No claim is made on this appeal that the note was not negotiable in form. In view of the common practice in such transactions, we are warranted in assuming it to be a negotiable note. See Miller v. Bean, 87 Cal.App.2d 186, 188, 196 P.2d 596. A negotiable promissory note is something more than mere evidence of indebtedness. It is property which can be the subject of manual delivery. Haulman v. Crumal, 13 Cal.App.2d 612, 617, 57 P.2d 179; Hoxie v. Bryant, 131 Cal. 85, 89, 63 P. 153. In comment a to section 52 of the Restatement of the Law of Conflict of Laws it is said: ‘A negotiable instrument is a document embodying a right; and the state which has jurisdiction of the document has jurisdiction of the right.’ See, also, Clark-Wilcox Co. v. Northwest Engineering Co., 314 Mass. 402, 50 N.E.2d 53. Such a note here present is subject to the exercise of jurisdiction by our courts (see Rest., Conflict of Laws, § 103) and may be here attached in a proper case. Jubelt v. Sketers, 84 Cal.App.2d 653, 655, 191 P.2d 460; Haulman v. Crumal, supra, 13 Cal.App.2d 612, 619, 57 P.2d 179.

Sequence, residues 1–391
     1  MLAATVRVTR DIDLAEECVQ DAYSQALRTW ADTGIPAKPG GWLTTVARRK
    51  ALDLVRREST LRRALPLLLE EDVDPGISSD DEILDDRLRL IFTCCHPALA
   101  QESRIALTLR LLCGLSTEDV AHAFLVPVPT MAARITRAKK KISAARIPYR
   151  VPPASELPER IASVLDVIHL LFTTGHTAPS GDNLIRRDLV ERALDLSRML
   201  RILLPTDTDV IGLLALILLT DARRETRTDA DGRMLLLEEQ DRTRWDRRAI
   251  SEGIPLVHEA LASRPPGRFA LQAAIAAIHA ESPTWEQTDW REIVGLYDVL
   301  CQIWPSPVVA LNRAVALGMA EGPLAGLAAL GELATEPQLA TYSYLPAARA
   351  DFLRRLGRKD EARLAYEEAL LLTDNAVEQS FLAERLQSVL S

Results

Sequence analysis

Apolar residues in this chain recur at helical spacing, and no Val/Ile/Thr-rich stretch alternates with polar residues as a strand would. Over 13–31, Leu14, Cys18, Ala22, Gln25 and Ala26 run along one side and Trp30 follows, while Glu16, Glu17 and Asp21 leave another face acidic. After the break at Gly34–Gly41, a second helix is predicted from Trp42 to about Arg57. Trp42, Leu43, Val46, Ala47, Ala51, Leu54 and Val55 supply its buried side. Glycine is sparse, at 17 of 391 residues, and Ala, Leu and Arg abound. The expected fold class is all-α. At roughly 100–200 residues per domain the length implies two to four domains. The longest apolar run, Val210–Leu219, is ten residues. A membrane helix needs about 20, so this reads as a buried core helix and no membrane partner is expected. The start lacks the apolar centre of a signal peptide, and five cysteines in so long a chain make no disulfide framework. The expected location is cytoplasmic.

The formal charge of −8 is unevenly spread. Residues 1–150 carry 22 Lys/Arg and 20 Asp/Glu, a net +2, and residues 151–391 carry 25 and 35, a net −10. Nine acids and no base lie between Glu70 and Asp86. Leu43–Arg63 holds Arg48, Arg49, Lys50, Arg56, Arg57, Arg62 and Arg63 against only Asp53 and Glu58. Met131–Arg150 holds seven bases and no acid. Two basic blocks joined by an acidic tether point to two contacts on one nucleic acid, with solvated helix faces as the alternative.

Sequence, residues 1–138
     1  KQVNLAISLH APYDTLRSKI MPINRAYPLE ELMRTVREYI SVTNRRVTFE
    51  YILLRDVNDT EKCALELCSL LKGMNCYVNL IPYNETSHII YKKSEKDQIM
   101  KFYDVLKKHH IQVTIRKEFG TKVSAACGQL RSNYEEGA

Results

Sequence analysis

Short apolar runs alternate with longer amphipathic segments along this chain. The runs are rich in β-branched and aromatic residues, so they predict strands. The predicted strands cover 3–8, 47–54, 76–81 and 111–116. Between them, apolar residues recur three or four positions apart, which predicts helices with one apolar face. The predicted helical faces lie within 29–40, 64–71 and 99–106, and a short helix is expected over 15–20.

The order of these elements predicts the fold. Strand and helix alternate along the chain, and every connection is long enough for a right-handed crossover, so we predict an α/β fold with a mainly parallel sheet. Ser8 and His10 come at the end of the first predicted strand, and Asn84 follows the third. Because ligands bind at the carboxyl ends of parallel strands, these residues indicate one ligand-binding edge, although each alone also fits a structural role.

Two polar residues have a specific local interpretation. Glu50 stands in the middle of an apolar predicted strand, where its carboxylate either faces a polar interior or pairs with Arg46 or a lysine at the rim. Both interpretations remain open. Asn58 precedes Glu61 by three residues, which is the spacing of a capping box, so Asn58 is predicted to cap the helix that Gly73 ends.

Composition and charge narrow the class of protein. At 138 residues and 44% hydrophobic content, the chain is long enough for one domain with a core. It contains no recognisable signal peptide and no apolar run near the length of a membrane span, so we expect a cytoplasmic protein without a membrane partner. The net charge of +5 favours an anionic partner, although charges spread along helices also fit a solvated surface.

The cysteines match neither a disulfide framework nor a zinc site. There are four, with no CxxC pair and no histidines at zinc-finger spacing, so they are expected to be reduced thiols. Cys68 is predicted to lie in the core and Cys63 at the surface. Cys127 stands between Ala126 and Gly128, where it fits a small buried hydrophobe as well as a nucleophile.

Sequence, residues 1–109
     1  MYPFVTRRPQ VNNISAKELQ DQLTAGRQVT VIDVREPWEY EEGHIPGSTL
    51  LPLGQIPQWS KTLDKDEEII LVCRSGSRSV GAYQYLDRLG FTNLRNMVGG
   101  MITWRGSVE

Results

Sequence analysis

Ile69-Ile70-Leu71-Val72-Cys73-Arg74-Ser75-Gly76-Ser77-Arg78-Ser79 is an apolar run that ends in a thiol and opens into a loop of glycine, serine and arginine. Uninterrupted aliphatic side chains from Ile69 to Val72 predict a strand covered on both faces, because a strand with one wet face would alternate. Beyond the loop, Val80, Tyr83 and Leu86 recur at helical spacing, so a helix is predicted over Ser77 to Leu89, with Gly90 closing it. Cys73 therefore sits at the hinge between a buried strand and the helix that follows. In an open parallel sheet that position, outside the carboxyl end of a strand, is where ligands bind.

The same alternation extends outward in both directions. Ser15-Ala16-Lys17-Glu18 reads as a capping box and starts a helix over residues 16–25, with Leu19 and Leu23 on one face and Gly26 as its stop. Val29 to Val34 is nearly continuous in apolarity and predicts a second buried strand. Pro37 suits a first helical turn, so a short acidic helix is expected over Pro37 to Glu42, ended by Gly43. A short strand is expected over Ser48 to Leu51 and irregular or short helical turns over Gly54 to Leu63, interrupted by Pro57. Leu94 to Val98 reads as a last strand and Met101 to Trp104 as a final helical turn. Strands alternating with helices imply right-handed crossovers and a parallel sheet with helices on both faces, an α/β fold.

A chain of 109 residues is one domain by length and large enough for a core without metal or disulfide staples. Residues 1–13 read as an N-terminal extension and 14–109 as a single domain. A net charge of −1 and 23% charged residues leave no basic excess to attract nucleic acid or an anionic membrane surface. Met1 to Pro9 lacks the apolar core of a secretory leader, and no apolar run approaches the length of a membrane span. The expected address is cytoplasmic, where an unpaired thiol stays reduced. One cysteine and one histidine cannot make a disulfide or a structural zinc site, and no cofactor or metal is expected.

The appellant argues that it is against public policy to permit a plaintiff to attach his own debt. We need not decide the validity of that argument where the problem relates to the garnishment of a mere debt. See 38 C.J.S. Garnishment § 33. The subject-matter of the present attachment is quite different. It is ‘a promissory note, negotiable in form, which passes in the commercial world by indorsement and delivery and is subject to sale * * *.’ Hoxie v. Bryant, supra, 131 Cal. 85, 89, 63 P. 153, 155. It may be sold and delivered to the purchaser under execution. (See 19 Cal.Jur.2d Executions, § 98.) Since in the present case it is an asset of the defendant which he had placed in the custody of a third person in this state and readily lends itself to sale in satisfaction of any judgment that may be obtained, we cannot see any logical reason to differentiate this note from that of a third person not a party to the action.